And, most importantly, when Mr Paul returned to the Ritz at 2200 local time to help deal with the unexpected return to the hotel of Dodi and Diana, he went to the hotel's Bar Vendome where he drank two double measures of Ricard.
The inquests heard that Ricard is a more potent spirit, measure for measure, than most others. Expert evidence was heard that in the Bar Vendome alone, Mr Paul consumed the equivalent of four single whiskies.
As one of Britain's leading forensic toxicologists, Professor Robert Forrest, said: "Henri Paul was not fit to drive when he got into that Mercedes."
Then there was the compelling evidence of witness after witness who saw the Mercedes approaching the Pont de l'Alma tunnel at considerable speed.
This is what some of them said: "The Mercedes overtook me going very, very fast... you don't drive at that speed on the embankment on a Saturday night... it was travelling at an inordinate speed... the driver was mad to drive that fast."
Liars, fantasists and embellishers
In contrast to the obvious honesty and authenticity of the majority of the nearly 250 witnesses, was the palpable unreliability and even dishonesty of a small group.
Unfortunately for Mr Al Fayed, the witnesses who spoke of a "blinding flash" in the tunnel and of sinister "men in black" on a motorcycle came, very definitely, in the latter category.
Yes, the inquests revealed the liars, the fantasists and the embellishers.
As the coroner, Lord Justice Scott Baker, said in his summing up: "A number of people seem to have had a compelling desire to pretend they were there when in truth they were not there at all."
People who have evidently dined out for the past 10 years by telling enhanced or invented stories of where they were or what they saw that night found themselves being cross-examined by five leading British barristers.
In short, the fantasies and the fantasists were finally found out and revealed for what they are.
Threw in the towel
Sadly, and without wishing to sound unsympathetic to a man who suffered a grievous loss, that brings us back to Mohamed Al Fayed himself, and to the collapse of his case.
After nearly 90 days of exhaustive inquiry by the inquests, involving evidence from nearly 250 witnesses, the Al Fayed legal teams threw in the towel.
They accepted there was not a shred of evidence to support properly the central pillars of the conspiracy theory.
It happened without warning during the final week of evidence, during submissions when the jury was not present - which meant, of course, that it could not be reported at the time.
First, Al Fayed lawyers accepted that there was no direct evidence that either the Duke of Edinburgh or the secret intelligence service, MI6, had been involved in any murder conspiracy involving the princess or Dodi Al Fayed.
Equally without warning, a few days later in the course of further submissions without the jury, Michael Mansfield, the senior Al Fayed barrister, turned to the role of the white Fiat Uno - the untraced car that was struck a glancing blow by the Mercedes as it entered the Pont de l'Alma tunnel and which, for the past decade, has been one of the principal components of the supposed "conspiracy".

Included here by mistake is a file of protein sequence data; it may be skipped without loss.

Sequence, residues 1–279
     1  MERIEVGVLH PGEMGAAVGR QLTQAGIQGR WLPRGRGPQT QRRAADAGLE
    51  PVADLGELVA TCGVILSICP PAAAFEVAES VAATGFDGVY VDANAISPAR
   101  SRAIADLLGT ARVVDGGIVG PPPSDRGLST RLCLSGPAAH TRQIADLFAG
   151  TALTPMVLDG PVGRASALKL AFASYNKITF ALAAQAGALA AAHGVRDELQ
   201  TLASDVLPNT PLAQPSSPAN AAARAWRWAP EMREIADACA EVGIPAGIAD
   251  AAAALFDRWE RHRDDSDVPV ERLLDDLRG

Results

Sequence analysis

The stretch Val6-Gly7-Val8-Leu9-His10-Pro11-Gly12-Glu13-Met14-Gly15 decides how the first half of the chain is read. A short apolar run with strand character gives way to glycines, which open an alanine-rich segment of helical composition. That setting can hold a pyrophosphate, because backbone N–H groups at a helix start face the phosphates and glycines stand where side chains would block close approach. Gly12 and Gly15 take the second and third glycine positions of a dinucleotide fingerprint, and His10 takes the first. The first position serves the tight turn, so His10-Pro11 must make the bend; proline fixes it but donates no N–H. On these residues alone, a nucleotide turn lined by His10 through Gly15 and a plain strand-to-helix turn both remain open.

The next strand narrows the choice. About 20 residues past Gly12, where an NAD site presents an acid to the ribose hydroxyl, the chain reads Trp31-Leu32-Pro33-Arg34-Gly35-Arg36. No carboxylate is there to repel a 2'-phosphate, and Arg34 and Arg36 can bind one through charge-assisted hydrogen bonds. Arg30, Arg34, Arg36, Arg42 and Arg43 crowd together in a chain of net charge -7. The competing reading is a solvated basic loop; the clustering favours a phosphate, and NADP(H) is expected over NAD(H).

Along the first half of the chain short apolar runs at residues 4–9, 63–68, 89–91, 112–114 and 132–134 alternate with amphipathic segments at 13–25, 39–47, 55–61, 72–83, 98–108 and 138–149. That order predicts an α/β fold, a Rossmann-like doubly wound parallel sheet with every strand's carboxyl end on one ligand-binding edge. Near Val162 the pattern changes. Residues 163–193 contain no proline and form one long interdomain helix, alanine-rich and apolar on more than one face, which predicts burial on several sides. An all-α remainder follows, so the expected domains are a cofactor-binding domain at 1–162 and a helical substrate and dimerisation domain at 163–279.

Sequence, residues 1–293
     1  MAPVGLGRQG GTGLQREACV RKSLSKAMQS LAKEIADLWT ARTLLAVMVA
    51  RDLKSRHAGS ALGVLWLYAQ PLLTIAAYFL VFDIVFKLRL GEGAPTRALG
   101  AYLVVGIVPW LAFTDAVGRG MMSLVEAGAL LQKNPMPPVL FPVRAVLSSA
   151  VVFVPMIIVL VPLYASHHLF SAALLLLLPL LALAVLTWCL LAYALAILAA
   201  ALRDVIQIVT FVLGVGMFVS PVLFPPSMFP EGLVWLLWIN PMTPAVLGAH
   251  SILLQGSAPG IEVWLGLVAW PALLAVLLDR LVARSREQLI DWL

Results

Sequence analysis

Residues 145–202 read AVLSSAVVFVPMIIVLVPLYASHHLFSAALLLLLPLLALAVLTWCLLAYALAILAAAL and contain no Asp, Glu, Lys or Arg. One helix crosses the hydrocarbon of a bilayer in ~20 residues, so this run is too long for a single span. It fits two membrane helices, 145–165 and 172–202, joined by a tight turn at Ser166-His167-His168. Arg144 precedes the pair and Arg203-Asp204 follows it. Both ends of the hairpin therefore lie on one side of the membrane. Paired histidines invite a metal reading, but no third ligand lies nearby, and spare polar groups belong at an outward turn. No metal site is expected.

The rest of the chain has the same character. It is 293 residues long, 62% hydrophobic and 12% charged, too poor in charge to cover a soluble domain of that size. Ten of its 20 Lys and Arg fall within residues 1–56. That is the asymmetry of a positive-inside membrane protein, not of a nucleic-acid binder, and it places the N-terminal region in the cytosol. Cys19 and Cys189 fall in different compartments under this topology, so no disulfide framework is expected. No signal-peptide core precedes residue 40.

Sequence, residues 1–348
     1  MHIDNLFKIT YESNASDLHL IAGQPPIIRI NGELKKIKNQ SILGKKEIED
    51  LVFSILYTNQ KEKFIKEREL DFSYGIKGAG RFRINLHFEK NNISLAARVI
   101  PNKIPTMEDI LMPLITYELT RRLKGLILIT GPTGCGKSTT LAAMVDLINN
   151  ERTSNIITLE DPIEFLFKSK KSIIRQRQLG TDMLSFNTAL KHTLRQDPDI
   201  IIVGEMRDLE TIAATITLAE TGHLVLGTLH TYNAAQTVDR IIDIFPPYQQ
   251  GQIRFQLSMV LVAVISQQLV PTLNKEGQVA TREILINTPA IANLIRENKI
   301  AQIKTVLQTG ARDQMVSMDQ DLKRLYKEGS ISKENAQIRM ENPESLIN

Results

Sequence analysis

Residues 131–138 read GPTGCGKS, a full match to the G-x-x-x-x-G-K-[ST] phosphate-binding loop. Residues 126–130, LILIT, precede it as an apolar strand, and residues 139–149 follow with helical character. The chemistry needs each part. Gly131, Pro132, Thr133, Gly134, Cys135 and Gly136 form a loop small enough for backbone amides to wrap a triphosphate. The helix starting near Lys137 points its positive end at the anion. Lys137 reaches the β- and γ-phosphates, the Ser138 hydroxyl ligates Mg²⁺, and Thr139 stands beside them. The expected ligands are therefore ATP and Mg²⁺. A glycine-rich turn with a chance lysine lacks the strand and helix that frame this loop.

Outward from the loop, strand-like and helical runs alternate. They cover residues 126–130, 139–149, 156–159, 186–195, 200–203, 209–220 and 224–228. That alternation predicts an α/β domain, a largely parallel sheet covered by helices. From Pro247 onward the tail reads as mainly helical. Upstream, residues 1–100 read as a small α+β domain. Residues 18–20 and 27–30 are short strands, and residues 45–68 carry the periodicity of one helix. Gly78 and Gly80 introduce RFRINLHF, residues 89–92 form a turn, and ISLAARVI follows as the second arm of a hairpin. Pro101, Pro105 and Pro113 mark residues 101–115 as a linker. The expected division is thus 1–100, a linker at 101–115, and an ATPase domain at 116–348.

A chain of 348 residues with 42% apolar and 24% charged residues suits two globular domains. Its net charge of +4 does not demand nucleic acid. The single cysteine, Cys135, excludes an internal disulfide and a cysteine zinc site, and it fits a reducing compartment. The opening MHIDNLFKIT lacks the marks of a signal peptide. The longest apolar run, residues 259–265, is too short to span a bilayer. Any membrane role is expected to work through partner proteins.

On Thursday 20 March, Mr Mansfield told the court: "The Fiat Uno was not the cause of any loss of control [by the Mercedes]. We are not suggesting its driver is guilty of anything."
By any measure, this was an astonishing admission. The vehicle and driver that had launched 1,001 conspiracy stories was suddenly in the clear and not implicated in anything sinister.
But more was to follow. In a closing written submission to the coroner, the Al Fayed lawyers accepted that there was no evidence to support the assertion that Diana was illegally embalmed in order to cover up a pregnancy - a "pregnancy" moreover which, they accepted, could not be established by any medical evidence.
And finally they accepted that there was no evidence to support the assertion the French emergency and medical services had played any role in a conspiracy to harm the princess.
In the uncharacteristically incautious words of lawyers for the Metropolitan Police, this was "a collapse of monumental proportions".
By the time the jury was sent out to consider its verdicts there was, in reality, nothing left to the conspiracy theories.
The edifice brought together at enormous cost and with undoubted sincerity by Mohamed Al Fayed during the past decade had been revealed to have no foundations.
It has taken six months and almost £7m of British taxpayers' money. That is the estimated cost of the inquests and the inquiry by the Metropolitan Police that preceded it.
But, finally, the conspiracy theories have been run to ground and shown for what they are - a fantasy borne of one man's anguished denial of the truth, and of the need of many to believe that a beloved princess must have been the victim of something more elaborate and malevolent than a reckless aberration by a single motorist.